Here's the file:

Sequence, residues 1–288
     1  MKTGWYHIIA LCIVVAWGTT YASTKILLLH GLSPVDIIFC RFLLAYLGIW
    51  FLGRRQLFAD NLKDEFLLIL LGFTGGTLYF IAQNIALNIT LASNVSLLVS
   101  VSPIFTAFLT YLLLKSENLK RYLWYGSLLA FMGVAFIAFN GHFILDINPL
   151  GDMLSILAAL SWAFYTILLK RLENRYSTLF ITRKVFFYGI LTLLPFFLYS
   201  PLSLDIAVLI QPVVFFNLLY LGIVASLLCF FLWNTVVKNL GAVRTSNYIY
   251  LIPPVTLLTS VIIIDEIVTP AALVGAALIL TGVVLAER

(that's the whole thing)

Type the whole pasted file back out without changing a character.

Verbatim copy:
Sequence, residues 1–288
     1  MKTGWYHIIA LCIVVAWGTT YASTKILLLH GLSPVDIIFC RFLLAYLGIW
    51  FLGRRQLFAD NLKDEFLLIL LGFTGGTLYF IAQNIALNIT LASNVSLLVS
   101  VSPIFTAFLT YLLLKSENLK RYLWYGSLLA FMGVAFIAFN GHFILDINPL
   151  GDMLSILAAL SWAFYTILLK RLENRYSTLF ITRKVFFYGI LTLLPFFLYS
   201  PLSLDIAVLI QPVVFFNLLY LGIVASLLCF FLWNTVVKNL GAVRTSNYIY
   251  LIPPVTLLTS VIIIDEIVTP AALVGAALIL TGVVLAER